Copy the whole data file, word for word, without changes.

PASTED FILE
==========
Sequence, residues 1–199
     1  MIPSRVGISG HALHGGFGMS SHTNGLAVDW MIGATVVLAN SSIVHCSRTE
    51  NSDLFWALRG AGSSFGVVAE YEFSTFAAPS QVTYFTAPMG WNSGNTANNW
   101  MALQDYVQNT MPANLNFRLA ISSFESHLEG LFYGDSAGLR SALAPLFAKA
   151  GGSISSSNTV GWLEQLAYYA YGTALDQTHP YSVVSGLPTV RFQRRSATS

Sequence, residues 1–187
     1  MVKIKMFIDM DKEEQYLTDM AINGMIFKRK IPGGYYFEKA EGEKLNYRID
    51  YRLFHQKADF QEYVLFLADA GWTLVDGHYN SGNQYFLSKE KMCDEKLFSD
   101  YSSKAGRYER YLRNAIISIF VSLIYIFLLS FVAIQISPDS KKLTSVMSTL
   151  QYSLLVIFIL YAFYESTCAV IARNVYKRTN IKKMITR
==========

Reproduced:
Sequence, residues 1–199
     1  MIPSRVGISG HALHGGFGMS SHTNGLAVDW MIGATVVLAN SSIVHCSRTE
    51  NSDLFWALRG AGSSFGVVAE YEFSTFAAPS QVTYFTAPMG WNSGNTANNW
   101  MALQDYVQNT MPANLNFRLA ISSFESHLEG LFYGDSAGLR SALAPLFAKA
   151  GGSISSSNTV GWLEQLAYYA YGTALDQTHP YSVVSGLPTV RFQRRSATS

Sequence, residues 1–187
     1  MVKIKMFIDM DKEEQYLTDM AINGMIFKRK IPGGYYFEKA EGEKLNYRID
    51  YRLFHQKADF QEYVLFLADA GWTLVDGHYN SGNQYFLSKE KMCDEKLFSD
   101  YSSKAGRYER YLRNAIISIF VSLIYIFLLS FVAIQISPDS KKLTSVMSTL
   151  QYSLLVIFIL YAFYESTCAV IARNVYKRTN IKKMITR